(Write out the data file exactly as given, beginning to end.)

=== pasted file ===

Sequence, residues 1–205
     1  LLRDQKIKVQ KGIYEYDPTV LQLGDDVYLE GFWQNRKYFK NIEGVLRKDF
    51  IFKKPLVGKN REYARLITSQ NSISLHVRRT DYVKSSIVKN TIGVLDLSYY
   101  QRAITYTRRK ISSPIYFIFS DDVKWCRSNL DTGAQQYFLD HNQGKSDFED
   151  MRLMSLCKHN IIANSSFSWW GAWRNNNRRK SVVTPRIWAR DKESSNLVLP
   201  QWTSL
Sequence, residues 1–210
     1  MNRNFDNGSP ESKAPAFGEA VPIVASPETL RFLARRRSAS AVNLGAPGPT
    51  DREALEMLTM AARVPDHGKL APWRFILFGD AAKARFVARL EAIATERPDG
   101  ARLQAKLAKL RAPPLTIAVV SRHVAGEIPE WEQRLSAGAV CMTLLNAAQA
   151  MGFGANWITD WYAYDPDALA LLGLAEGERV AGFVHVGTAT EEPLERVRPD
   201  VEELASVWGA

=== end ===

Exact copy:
Sequence, residues 1–205
     1  LLRDQKIKVQ KGIYEYDPTV LQLGDDVYLE GFWQNRKYFK NIEGVLRKDF
    51  IFKKPLVGKN REYARLITSQ NSISLHVRRT DYVKSSIVKN TIGVLDLSYY
   101  QRAITYTRRK ISSPIYFIFS DDVKWCRSNL DTGAQQYFLD HNQGKSDFED
   151  MRLMSLCKHN IIANSSFSWW GAWRNNNRRK SVVTPRIWAR DKESSNLVLP
   201  QWTSL
Sequence, residues 1–210
     1  MNRNFDNGSP ESKAPAFGEA VPIVASPETL RFLARRRSAS AVNLGAPGPT
    51  DREALEMLTM AARVPDHGKL APWRFILFGD AAKARFVARL EAIATERPDG
   101  ARLQAKLAKL RAPPLTIAVV SRHVAGEIPE WEQRLSAGAV CMTLLNAAQA
   151  MGFGANWITD WYAYDPDALA LLGLAEGERV AGFVHVGTAT EEPLERVRPD
   201  VEELASVWGA